Monterey in October is sunny by day and cool by evening, so bring layers to wear with your shawl, fan, and mantilla. Comfortable walking shoes will save your feet for your dancing pumps and help you get into churches and adobes. Hope to see you soon for a true Monterey fiesta!

Tourist information: Monterey County Convention and Visitors Bureau 800-555-6290


Monterey Visitors Center located at 401 Camino El Estero (by the lake) is a long low adobe building, which, in 1843, housed the French Consulate. It was the home of the first French consul to Mexican California.

Teri Stott (contributors, P.Barrett, M.Bristow, M.Ford, G.Gonzales, P.Hessler, New Yorker, K.Mignano, R.Slogan, C.T. Meyers, San Jose Mercury)

The Spring Council meeting was held in historic Sonoma in the storied Valley of the Moon, 45 miles north of San Francisco. The meet­ing’s host chapters are Don Castro, Valley Har­vesters, and Valley of the Moon.

The highlight of our Council meeting was the private Questers’ tour of Jack London State Park, including the House of Happy Walls museum and the London Cottage.

“Nothing could be finer than Visalia, California, in Octo-o-ber!”



The California Questers State Fall Council Meeting was held in Visalia, hosted by Kaweah Kollectors #1428and Sierra Searchers #1305.


Early Bird Thursday

Carpool trip to nearby Exeter to enjoy its outstanding murals and antique stores. Visit the TulareCounty Museum at Visalia’s Mooney Grove Park.Two mini-lyceums were offered on Tea Leaf Ironstone China and an impersonation of Mary Clark Graves, Donner Party survivor.

A Trolley Car ride around Visalia to view beautiful historic homes and buildings – all boasting bronze plaques, placed via a Kaweah Kollectors’ preservation project. Also an inside view of Visalia’s
Historic Fox Theatre and of two classic homes.
Dinner at the Vintage Press. Local historian Terry Ommen will presented a program on “Tulare County’s Brothels & Outlaws.”


California Questers State Fall Council meeting. Tthree more mini-lyceums - Vintage Quilts & Their Care, Victorian Mourning Traditions, and Strange and Weird Show and Tell.

Saturday evening banquest included “Weddings of Yesteryear.” Wedding gowns were modeled and displayed. A special ‘surprise’ wedding event was presented.Jan Braley and her husband renewed their vows.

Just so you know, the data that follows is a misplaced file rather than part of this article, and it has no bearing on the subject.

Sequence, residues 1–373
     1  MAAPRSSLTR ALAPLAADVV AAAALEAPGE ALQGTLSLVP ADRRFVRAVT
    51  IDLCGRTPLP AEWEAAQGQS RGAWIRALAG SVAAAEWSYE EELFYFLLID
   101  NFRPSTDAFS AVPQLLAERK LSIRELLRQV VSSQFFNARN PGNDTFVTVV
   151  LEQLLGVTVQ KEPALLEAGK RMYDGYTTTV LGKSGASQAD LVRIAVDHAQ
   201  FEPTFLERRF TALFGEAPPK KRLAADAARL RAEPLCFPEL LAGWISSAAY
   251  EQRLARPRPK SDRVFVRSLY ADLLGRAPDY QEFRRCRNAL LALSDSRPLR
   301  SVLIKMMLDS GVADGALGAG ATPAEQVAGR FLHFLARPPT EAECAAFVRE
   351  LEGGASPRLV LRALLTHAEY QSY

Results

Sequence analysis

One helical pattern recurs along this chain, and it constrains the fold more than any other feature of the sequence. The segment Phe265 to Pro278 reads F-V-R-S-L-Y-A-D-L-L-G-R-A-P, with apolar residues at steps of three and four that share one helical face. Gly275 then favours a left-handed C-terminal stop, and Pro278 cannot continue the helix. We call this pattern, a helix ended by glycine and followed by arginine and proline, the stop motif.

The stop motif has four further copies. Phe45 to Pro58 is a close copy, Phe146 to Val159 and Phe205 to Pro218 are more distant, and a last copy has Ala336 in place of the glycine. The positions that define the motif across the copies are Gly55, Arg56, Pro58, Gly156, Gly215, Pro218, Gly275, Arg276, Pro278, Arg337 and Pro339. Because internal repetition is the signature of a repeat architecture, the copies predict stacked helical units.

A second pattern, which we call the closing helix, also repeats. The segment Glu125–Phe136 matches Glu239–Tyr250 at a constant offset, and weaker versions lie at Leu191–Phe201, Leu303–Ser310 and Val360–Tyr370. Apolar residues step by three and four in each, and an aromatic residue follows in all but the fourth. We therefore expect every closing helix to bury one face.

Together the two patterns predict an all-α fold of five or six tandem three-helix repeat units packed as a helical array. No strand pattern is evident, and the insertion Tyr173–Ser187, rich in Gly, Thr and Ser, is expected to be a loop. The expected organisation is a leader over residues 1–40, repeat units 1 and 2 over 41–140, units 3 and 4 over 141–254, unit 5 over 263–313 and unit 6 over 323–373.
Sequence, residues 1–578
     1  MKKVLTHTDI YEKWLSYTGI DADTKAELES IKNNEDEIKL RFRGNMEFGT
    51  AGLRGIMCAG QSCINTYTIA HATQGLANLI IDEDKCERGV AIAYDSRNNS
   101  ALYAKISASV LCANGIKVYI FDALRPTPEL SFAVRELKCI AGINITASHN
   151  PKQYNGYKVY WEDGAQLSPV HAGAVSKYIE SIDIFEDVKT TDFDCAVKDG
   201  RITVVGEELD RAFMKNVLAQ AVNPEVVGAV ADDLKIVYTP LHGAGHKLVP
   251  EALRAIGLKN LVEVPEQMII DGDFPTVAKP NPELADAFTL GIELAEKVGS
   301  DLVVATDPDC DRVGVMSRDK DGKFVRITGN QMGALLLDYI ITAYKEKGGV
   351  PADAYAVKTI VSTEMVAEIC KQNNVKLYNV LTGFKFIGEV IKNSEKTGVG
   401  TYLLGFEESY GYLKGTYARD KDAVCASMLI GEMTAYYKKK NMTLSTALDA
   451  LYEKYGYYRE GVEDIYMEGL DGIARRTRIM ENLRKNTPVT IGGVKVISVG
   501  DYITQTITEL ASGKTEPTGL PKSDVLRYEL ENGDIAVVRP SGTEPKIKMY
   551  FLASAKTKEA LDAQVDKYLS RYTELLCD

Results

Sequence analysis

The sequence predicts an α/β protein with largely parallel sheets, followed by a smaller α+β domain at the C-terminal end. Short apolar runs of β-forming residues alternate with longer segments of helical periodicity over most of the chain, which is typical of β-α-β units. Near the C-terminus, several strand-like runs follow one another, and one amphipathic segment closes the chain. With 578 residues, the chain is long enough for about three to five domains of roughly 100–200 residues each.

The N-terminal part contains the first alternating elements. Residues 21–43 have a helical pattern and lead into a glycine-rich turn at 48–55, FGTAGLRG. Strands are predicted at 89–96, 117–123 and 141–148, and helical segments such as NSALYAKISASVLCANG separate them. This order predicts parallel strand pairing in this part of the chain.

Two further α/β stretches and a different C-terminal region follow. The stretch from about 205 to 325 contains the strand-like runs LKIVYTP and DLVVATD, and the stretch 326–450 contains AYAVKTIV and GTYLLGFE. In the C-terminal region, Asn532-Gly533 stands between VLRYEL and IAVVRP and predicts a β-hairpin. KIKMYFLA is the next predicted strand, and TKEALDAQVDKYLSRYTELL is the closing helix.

Historic Paso Robles Inn

Your Spring Council Meeting was held in historic Paso Robles. Host Chapters were Agua Caliente (Hot Springs) in Paso Robles, Cinco Ciudades (Five Cities) in the Arroyo Grande area, and De Tolosa (from Bishop of Toulouse, France, founder of Mission San Luis Obispo de Tolosa)
Tours included thePioneer Museum, Mission San Miguel Arcangel, the historic Rios-Caledonia Adobe, andd the Carnegie Library.
Friday and Saturday dinners featured Mini-Lyceums. The programs featured ‘living history’ when Agua Caliente’s Grace Pucci portrayed Louisa James, wife of one of the founders of Paso Robles and Paderewski also shared his history with the group on Saturday.

On Friday, members had the opportunity to visit the Shinn Historic Park and tour the 1876 Victorian farmhouse with Bavarian accents.

The McConaghy Estate, in San Lorenzo,was another tour option. Niles was the Saturday destination.

The Hilton Hotel in Pasadena was the venue for the 2014 Spring Council Meeting in March, Hidden in Plain Sight - Pasadena Treasures.

For those Questers arriving early, Friday was taken up browsing the local antique shops or the Bustamante Antiques Show, taking a tour of the Tournament of Roses House or visiting the USC Pacific Asia Museum.

The Friday night reception and dinner was at the Pacific Asia Museum.

On Saturday afternoon members could choose a tour of the Fenyes Mansion or Gene Autry Museum.

For those Questers with energy - and money - left, the following day was the monthly Sunday Rose Bowl Flea Market, a real opportunity to shop.

The Live Oak, Sleeping Indian, and Rancho Monserate chapters planned an assortment of events. They toured two local homes: one with rare antique spool cabinets, vintage mini-sewing machines, and doll collection; the other is the home of a recognized authority on Terri Lee dolls.Each evening,showcased collections from members,They also visited the Rancho Guajome Adobe (below), which all three of our chapters were active in furnishing.

Live Oak chapter respectfully dedicated this Fall Council to the memory of Gloria Rowe.  Her contributions to our chapter were many and her friendship irreplaceable. We miss her.

We toured the Gamble House, an outstanding example of American Arts and Crafts, built in 1908.
Also available was a visit to the Huntington Library



Council attendees visited the Santa Clara Mission and the the Harris-Lass House.




Quester visitors toured the original Carnegie Library History Museum

“Think Pink!” On Friday evening, all gathered in the Garden Room of the Madonna Inn.

Two historic house tours were on the agenda for Friday afternoon.The Hays-Latimer-Leichter Adobe and the The Avila House.
Saturday afternoon featured a tour of the Dallidet Adobe and gardens.

A visit with “Abraham Lincoln,” a tour of the Forestiere Underground Gardens, and wine tasting at California’s premier producer of Portuguese-style port wine highlighted the activities for the Fall Council Meeting in Fresno.